Pry: Flower Mound budget meeting gets heated

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Flower Mound Town Hall
Flower Mound Town Hall, photo courtesy of the town of Flower Mound

Most municipal budget meetings induce yawns and head-nodding; reactions similar to watching paint dry. Leave it to Flower Mound’s Town Council meeting on Monday not to follow a normal path.

The council’s budget workshop– held on Thursday, Aug. 15– was the genesis of public comments during Monday’s meeting on council member’s lack of respect and verbal attacks on the professional town staff, misunderstanding of municipal finances and conduct revealing preset personal political agendas– to the detriment of current and future community needs and service requirements.

Attending that workshop were Mayor Pro Tem Sandeep Sharma and Council Members Ben Bumgarner, Jim Engel and Jim Pierson; the same four council members who voted to bring the crossing guard program back under the FMPD– even though the FMPD is down 10 officers–  ignoring Police Chief Andy Kancel’s recommendation against that action. Not present were Mayor Steve Dixon or Deputy Mayor Pro Tem Claudio Forest.

To correct misinformation from the workshop, Flower Mound Town Manager Jimmy Stathatos was prompted to write: “Just to clarify … our overall tax rate is around three-percent above the effective tax rate. However, it’s higher when you look at the M&O [Editor: Maintenance and Operations– which is the fund to pay for operating the local government; police, fire and parks departments, among others] effective tax rate. The reason is, Flower Mound has been paying off tax-supported debt at a quick pace (regardless of what you’ve heard … that’s a fact). Therefore, our debt-service-rate decreases and our M&O rate increased. Flower Mound has LESS tax-supported debt than we did 10-years ago.”

Monday night, Joe Roach was a public speaker. The longtime resident and owner of the Roach acreage near the Lakeside DFW and Lakeside Village developments said he felt the need to comment on the council’s conduct as he watched the Aug. 15 workshop.

“I’m here to talk about a positive attitude and civic support,” said Roach. “The tone of the meetings and reflecting a less-than-supportive process– and this negativity is running from the council toward our staff. I sense a lack of respect in the tone of– and the focus of– pointed questions to individual members of the staff … if I feel this negativity, what must the staff member feel and how will this affect morale?  I also see this tone expressed on social media from a small number of residents in a very personal way … I have great respect for the result of our Town Manager Jimmy Stathatos and the leadership team he has brought on board: Police Chief Kancel, Fire Chief Greaser, Finance Director Debra Wallace and Development Director Andrea Roy.”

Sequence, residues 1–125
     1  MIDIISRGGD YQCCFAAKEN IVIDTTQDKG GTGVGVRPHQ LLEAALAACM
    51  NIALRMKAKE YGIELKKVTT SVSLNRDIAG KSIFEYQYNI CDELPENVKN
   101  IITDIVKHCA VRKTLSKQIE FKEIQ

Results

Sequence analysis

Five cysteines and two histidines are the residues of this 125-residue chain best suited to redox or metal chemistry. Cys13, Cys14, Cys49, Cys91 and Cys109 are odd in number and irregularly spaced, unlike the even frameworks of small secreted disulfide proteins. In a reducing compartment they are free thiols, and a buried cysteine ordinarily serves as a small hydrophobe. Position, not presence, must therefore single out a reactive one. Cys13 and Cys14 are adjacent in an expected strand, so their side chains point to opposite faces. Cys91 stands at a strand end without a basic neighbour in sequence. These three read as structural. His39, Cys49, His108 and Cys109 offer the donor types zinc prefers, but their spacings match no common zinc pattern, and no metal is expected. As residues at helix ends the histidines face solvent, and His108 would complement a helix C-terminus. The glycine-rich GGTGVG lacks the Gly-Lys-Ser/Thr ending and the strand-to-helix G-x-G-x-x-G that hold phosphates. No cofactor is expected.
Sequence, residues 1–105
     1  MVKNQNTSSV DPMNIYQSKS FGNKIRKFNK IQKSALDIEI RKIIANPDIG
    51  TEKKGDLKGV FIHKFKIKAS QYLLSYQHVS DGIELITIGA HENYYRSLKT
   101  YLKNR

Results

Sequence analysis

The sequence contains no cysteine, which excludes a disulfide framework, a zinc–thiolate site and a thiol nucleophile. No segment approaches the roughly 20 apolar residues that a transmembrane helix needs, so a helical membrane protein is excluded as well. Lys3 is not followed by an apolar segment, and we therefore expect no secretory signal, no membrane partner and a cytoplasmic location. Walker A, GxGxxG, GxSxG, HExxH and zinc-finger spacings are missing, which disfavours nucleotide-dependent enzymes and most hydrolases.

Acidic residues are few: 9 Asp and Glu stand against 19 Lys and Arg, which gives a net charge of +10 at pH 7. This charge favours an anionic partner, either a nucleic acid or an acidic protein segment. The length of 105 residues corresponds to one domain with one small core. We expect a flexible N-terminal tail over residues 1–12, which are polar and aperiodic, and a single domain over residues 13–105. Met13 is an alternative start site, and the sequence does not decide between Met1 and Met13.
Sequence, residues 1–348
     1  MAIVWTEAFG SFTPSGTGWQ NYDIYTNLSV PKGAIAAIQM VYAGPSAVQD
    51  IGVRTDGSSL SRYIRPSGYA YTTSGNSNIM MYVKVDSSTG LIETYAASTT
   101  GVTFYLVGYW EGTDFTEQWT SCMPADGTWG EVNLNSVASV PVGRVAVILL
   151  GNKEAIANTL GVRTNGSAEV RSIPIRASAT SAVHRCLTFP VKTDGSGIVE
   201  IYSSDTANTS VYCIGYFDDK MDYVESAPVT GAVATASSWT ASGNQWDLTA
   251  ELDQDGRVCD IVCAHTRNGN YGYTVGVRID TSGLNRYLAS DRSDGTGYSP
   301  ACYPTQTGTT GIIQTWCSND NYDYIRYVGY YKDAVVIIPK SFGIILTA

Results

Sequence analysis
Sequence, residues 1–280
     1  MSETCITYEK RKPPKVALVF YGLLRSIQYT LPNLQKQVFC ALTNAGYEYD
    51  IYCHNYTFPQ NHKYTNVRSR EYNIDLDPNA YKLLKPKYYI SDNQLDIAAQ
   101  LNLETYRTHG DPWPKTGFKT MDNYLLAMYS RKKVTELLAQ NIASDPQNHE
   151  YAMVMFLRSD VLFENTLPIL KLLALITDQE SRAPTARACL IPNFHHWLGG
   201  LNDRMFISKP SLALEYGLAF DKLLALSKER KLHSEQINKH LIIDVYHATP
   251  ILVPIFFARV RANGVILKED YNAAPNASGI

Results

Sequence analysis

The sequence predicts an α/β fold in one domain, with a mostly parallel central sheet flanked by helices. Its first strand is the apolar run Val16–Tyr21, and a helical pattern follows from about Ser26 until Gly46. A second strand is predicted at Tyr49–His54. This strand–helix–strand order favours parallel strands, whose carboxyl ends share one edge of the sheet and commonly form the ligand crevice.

He then related the story of when his family home burned to the ground 29-years ago– due to lack of town infrastructure (no fire hydrants) and old fire equipment for a volunteer fire department– in comparison to the professional firefighters and up-to-date equipment that helped keep retired Navy Seal and local business owner Dan Licardo alive for more than an hour following a violent traffic accident on Sept. 4, 2018. The FMFD efforts performed prior to his air transportation to Parkland Hospital made his survival possible. In addition, Chief Greaser personally drove Licardo family members to Parkland, where he stayed on vigil to support them.

“I encourage the volunteer council members to have great respect for the professional staff members who work for our town,” said Roach. “They are experts in their fields and will professionally work with the Mayor and council to achieve your goals. Budgeting is strenuous and it’s critical, but it need not be demeaning.”

As for the actual budget statistics presented by Wallace: the $0.082492 equals the lowest tax rate paying for debt since the town started issuing debt; and, each town employee serves 120 residents (more residents than the average of 112 for other benchmark communities– some of which outsource services, which Flower Mound provides in-house).

The 2019 debt service requirement for the General Debt Service is $9,034,723, with Proposed Tax Rates for: Maintenance and Operation of $0.356508/$100 valuation; Debt Service of $0.082492/$100 valuation; and a total proposed tax rate of $0.0439000/$100 valuation. The Effective Tax Rate is $0.427188/$100 valuation and the Rollback Tax Rate is $0.440159/$100 valuation.

Wallace explained that the rise in drainage requests [CIP or capital improvement plan items] are the result of the town’s aging infrastructure.